How to Deal When Your Parents Get Divorced

My parents got a divorce when I was two or three years old.

I don't exactly remember why or when it happened, I just know they've been divorced for a large majority of my life.

At first, I didn't really understand what was happening. I was scared and confused. None of my friends had divorced parents, so I didn't have anyone to confide in. I kept wondering why my parents had to be the ones to separate when all of my friends' parents got to stay together.

Aria crying while taking to Ezra on Pretty Little Liars

(Pretty Little Liars via Freeform)

It was hard to deal with through the years, especially because my parents always fought and I felt like I was constantly stuck in the middle of it all.

Now that I'm older, I've realized the mistakes I've made when it came to dealing with my parents divorce. So, if your parents are currently divorced or are planning to be, here are my tips for dealing with this experience.

Don't Blame Yourself

Say it with me: This. Is. Not. Your. Fault. It's so easy to blame yourself for your parents getting a divorce. You'll think you did something to set them off, but none of this is any of your doing. Your parents are getting a divorce because they have issues that they can't work out.

There was definitely a brief period where I was convinced I was the sole reason my parents were divorcing. I thought I was too much of a troublemaker for them to deal with and was the cause of all their marital problems, so they got a divorce because of me. That wasn't the case at all, but I wholeheartedly believed I'd done something wrong. Looking back, I realize how silly it was for me to think I played any part in my parents splitting up.


Don't Resent Your Parents

After I got over blaming myself for my parents' divorce, I started to resent my parents. I was upset with them for all that they put me through. I always felt as though I had to choose a side and it took a toll on me—so much so that my relationships with both my mom and dad faltered because of it. To this day, they're still not that great.

I know my parents didn't mean any harm, but at the time, it really felt like they did. Instead of talking to them about it, I kept it all bottled inside. This brings me to my next point.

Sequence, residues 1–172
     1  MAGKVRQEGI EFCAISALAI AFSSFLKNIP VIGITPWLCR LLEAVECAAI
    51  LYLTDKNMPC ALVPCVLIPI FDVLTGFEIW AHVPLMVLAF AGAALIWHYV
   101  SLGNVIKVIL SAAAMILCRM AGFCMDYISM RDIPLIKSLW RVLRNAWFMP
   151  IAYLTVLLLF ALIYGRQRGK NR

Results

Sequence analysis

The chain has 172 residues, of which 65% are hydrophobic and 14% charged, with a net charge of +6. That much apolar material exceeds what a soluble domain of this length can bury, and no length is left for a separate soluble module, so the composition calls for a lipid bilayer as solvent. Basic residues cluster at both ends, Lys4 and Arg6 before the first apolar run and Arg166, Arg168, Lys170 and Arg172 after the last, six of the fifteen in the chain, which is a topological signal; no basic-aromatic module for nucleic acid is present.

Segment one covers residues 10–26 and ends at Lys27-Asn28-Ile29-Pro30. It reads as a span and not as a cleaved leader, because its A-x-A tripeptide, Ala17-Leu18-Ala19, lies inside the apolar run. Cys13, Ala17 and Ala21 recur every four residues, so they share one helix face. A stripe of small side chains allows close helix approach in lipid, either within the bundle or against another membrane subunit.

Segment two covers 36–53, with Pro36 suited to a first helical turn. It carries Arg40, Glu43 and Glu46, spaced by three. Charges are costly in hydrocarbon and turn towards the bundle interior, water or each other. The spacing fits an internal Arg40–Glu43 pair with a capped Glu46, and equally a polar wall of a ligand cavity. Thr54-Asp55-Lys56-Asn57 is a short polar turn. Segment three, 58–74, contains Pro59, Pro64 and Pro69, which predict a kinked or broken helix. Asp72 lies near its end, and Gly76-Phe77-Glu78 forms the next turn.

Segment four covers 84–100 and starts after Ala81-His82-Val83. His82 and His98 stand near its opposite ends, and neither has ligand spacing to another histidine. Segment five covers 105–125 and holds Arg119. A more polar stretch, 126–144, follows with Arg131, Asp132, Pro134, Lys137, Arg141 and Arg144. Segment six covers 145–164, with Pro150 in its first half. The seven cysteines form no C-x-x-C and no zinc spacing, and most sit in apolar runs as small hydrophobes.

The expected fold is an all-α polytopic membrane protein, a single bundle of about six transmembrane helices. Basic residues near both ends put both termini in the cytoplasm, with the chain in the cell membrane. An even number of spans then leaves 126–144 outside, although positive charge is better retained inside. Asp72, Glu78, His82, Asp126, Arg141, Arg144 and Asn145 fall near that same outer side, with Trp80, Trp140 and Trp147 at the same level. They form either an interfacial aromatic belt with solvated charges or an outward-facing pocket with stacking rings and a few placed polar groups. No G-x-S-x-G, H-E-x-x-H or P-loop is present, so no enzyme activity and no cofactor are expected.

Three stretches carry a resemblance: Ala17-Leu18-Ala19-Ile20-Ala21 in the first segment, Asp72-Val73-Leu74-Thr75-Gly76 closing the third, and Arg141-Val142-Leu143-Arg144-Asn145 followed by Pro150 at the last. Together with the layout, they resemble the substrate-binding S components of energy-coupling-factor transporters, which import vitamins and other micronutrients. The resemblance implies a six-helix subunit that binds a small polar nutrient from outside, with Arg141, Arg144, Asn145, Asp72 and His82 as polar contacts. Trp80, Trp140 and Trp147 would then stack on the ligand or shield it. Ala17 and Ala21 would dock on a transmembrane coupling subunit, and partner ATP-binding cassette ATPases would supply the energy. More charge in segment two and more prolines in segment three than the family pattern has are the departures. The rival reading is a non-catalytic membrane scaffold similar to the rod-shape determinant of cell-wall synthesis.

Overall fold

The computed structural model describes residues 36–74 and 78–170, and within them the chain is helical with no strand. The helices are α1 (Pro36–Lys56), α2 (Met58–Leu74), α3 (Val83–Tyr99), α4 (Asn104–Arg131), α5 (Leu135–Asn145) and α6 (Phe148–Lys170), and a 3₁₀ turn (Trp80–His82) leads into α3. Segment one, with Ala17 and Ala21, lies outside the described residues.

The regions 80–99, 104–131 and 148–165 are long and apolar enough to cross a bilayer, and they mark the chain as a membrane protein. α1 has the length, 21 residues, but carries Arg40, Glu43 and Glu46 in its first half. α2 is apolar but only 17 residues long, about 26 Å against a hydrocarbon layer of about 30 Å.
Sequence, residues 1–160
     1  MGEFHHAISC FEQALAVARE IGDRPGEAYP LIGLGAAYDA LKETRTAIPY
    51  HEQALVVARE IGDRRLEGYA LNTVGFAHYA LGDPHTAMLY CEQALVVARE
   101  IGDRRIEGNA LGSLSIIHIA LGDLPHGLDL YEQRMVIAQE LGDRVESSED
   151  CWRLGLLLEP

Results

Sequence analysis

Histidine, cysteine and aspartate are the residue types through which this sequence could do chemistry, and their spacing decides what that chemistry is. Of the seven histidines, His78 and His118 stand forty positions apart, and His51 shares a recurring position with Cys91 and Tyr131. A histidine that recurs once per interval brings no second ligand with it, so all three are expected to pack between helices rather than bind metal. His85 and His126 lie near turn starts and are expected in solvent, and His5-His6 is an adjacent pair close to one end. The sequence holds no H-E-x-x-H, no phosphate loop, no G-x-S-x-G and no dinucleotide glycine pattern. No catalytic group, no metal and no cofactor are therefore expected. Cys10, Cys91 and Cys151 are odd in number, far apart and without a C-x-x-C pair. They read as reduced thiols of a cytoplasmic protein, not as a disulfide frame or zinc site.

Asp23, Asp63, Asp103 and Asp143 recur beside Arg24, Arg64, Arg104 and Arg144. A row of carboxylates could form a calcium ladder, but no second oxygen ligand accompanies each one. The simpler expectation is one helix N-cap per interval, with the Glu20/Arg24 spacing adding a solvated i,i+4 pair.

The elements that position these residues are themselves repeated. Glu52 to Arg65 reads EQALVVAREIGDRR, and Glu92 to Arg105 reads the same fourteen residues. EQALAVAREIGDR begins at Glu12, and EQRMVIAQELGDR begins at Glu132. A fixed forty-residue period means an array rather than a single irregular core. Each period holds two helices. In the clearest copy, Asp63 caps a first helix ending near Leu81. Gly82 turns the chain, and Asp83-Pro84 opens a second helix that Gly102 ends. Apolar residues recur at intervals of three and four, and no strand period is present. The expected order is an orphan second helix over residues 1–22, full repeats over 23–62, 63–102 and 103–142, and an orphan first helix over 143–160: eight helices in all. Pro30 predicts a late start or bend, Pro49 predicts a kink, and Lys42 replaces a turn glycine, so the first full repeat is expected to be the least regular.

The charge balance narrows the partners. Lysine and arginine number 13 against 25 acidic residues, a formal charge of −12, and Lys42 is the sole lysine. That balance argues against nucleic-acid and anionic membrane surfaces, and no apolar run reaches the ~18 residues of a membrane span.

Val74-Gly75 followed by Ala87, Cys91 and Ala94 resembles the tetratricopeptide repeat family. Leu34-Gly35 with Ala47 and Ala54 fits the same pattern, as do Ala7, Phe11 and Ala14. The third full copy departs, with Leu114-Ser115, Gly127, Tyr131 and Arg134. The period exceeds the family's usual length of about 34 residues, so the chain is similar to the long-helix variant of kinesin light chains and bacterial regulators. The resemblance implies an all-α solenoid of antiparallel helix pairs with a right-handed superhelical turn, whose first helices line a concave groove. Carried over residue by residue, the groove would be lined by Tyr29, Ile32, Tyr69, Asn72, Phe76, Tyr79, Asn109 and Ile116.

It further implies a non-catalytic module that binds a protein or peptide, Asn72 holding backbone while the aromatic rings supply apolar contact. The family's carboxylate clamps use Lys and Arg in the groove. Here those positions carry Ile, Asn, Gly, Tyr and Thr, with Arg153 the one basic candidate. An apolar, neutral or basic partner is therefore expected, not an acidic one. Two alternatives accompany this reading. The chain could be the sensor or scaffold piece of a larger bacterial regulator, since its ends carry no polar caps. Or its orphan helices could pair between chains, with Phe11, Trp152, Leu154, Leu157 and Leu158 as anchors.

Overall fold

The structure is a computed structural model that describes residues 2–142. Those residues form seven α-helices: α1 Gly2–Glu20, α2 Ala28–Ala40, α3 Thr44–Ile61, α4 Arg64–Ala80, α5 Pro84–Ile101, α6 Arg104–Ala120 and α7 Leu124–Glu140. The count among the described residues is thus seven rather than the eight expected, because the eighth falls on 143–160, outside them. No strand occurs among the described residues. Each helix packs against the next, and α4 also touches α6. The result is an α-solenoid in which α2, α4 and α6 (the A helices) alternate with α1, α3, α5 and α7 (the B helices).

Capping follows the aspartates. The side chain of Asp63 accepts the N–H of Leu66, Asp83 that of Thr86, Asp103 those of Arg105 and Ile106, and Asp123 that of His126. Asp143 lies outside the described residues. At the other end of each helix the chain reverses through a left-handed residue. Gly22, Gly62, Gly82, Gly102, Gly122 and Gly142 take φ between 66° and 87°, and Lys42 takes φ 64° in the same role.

Aria looking mad at her mom on an episode of Pretty Little Liars

(Pretty Little Liars via Freeform)


Express Your Feelings

Tell your parents, your siblings, your friends, someone how you feel about this whole divorce situation. Do not keep your feelings bottled up inside or think that you can deal it with yourself. You can't.

My biggest regret is not telling my parents how I had such a difficult time dealing with everything that followed their divorce. I was scared to share that information with them, because I thought they wouldn't understand. Maybe the wouldn't, maybe they would.

Every situation is going to be different, but I strongly recommend reaching out to someone when it all becomes too much. It's so, so scary to ask for help. I used to think it made me weak, but I've realized reaching out for guidance means you're incredibly strong. Though you may feel alone, I guarantee there is one person in your life who will gladly be your shoulder to cry on.


Look on the Bright Side

Dealing with a divorce isn't fun. To put it bluntly, it freaking sucks. But there are a few perks that happen because of it. For example, you'll get to celebrate your birthday on multiple days. This means more presents, and, more importantly, lots and lots of cake. The same goes for holidays. You get double everything, so that's nice. It's weird to have to split your time with your parents on holidays and birthdays, but the perks make it all worth it. Well, almost all worth it.

It'll be tough at first, but believe me when I say it'll all get better. I know that's so cliché and the last thing you want to hear, but it's true.

Aria's parents getting remarried on Pretty Little Liars

(Pretty Little Liars via Freeform)


Happen to feel like the black sheep of your family? You'll relate to THESE truths.